Can a search engine tell you the outcome of your favorite TV competition before it even happens?
Microsoft believes it can. The company this morning is launching a new feature for its Bing search engine that analyzes search queries and data from social networks to predict the winners and losers of television shows in which the outcome is based on a popular vote: The Voice, American Idol and Dancing with the Stars.
It’s the beginning of a broader effort by Bing to use its available data to predict the outcome of events. U.S. elections are another possibility down the road, a Microsoft spokesman says. (Look out, Nate Silver!) But beyond popularity contests, the company could eventually expand into predicting other outcomes, possibly even sports.
“We’re starting here with reality shows and we’ll figure out where to go next,” said Bing director Craig Beilinson in an interview with GeekWire about the new feature.
The reality show predictions feature can be accessed starting today by going to bing.com and searching, for example, for “The Voice Predictions.” Here’s what Bing is predicting for the April 22 episode as of 8 a.m. this morning. (Look out, Delvin and Dani!)
The idea, of course, is to expose fans of these shows to Bing and hope that they’ll stick around to conduct more searches, helping Microsoft gain more traction against market leader Google.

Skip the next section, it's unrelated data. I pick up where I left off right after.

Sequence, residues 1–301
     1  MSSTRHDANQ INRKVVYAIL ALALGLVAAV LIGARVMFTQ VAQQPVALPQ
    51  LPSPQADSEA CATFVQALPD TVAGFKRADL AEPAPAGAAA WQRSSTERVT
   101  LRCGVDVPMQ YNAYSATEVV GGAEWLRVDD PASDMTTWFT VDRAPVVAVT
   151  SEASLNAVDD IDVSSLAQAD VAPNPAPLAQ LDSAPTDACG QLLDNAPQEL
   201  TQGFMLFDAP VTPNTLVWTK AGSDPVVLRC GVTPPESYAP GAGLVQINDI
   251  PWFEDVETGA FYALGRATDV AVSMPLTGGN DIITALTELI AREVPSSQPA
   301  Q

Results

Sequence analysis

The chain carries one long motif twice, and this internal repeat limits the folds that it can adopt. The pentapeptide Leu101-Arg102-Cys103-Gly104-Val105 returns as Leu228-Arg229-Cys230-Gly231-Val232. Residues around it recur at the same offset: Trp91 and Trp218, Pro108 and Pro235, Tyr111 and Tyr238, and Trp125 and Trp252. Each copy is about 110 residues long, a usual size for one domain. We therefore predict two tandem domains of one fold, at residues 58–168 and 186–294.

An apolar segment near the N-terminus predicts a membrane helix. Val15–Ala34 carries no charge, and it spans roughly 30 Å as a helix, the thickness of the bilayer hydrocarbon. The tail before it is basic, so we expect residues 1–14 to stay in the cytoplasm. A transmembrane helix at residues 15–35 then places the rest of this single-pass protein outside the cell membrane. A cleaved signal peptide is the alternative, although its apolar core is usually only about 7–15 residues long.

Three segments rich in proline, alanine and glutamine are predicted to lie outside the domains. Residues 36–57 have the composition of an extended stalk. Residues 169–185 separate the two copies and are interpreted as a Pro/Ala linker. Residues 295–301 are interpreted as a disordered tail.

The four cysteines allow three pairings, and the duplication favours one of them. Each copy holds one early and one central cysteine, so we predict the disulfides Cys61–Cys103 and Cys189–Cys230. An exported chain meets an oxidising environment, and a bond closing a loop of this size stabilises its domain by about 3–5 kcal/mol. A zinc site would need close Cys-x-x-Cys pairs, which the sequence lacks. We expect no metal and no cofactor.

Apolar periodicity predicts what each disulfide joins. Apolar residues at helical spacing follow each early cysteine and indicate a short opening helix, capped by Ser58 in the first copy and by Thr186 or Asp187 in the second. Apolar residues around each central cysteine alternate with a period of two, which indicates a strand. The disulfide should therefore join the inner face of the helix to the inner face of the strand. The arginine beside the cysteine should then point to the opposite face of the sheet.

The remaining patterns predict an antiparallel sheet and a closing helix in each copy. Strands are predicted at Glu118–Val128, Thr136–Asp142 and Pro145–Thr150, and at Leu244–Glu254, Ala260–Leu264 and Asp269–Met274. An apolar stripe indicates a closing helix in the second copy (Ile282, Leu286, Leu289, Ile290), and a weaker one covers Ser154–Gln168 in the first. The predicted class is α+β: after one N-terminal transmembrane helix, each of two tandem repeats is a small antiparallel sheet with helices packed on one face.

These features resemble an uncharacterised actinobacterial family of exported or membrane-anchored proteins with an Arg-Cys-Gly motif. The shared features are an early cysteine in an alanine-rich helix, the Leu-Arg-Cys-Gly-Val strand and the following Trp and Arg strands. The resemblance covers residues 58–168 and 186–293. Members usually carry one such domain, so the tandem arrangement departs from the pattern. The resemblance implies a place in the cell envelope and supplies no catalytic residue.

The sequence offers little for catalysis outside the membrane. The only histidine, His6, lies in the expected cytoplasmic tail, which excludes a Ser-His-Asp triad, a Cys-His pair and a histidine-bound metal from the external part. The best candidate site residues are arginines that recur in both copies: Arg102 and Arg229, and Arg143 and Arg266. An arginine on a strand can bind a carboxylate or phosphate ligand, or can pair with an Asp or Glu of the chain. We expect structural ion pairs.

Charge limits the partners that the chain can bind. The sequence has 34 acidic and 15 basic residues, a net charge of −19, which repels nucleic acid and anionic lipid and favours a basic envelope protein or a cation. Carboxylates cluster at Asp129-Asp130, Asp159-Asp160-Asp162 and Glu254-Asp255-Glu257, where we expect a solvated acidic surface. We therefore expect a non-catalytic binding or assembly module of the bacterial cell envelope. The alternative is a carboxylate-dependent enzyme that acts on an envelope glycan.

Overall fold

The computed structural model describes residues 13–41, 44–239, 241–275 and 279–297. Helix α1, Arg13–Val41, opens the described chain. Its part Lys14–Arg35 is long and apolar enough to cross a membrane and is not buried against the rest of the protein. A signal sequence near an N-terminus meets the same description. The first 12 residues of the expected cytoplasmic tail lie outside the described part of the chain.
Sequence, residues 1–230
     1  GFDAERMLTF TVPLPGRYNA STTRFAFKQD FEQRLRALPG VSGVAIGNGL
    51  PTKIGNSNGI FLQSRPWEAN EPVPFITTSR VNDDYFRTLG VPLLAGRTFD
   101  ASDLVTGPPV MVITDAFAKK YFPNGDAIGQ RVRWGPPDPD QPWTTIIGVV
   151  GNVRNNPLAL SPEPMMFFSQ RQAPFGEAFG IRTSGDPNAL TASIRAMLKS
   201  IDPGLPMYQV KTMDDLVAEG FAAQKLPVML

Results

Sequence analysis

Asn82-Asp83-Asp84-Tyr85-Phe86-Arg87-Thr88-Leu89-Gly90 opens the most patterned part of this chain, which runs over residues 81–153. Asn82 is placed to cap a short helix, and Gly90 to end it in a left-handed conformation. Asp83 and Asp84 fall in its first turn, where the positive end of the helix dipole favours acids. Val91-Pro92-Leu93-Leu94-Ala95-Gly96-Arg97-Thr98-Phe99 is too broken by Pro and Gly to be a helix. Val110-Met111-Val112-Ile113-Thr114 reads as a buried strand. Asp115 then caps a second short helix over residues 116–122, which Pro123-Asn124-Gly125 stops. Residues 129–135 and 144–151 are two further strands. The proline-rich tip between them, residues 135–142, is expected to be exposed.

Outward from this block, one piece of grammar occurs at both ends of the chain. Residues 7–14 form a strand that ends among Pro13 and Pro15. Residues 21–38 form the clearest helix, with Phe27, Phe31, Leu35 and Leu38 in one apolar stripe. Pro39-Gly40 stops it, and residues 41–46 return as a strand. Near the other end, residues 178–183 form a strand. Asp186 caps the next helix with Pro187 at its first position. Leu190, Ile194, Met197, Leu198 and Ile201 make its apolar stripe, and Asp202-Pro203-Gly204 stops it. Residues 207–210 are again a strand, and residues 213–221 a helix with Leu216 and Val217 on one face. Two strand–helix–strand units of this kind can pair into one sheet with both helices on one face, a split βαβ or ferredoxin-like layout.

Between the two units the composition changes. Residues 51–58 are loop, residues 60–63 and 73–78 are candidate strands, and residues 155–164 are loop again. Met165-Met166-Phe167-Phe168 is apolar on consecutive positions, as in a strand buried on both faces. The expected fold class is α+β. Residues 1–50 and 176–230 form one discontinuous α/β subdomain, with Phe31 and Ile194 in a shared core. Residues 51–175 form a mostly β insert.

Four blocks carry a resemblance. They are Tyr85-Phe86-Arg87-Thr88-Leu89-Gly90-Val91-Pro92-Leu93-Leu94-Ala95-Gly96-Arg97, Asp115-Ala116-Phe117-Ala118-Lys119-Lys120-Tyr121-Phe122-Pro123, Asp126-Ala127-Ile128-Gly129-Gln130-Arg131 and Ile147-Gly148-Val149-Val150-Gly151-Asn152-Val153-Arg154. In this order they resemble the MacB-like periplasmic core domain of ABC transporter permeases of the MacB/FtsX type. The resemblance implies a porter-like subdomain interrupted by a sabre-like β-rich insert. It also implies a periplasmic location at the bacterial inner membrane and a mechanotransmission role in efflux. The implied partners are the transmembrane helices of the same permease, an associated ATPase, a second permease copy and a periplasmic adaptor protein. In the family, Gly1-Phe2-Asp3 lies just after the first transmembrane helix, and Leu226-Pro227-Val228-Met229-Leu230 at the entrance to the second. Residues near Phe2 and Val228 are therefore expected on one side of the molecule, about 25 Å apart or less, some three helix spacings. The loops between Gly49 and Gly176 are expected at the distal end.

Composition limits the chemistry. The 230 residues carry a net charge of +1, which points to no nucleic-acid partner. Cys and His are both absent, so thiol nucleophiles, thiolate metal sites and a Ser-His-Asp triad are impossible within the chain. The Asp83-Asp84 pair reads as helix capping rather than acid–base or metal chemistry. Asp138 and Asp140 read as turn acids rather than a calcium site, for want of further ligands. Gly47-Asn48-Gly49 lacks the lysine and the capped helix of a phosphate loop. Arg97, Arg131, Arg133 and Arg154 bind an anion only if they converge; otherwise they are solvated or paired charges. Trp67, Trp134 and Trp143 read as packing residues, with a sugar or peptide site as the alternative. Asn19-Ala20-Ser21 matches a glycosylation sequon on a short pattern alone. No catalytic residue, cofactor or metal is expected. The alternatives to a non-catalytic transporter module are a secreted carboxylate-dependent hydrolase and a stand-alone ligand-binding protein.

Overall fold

But how accurate will the predictions be? We’ll see this week, but Beilinson says the Bing team is confident based on its testing internally against past results on the shows. “We wouldn’t be releasing this if we didn’t feel really strongly about our work so far,” he said.
Beilinson acknowledged the possibility that some of Bing’s predictions could influence the outcome of the shows by motivating fans of contestants at risk of being eliminated to rally for votes. (Proving Bing wrong in the process.)
One irony here is that Microsoft just recently stopped offering an airfare price predictions feature that was based on a sophisticated algorithm acquired with its past purchase of Seattle startup Farecast. Microsoft described that move as “a business decision” to focus on areas of greater need for travelers.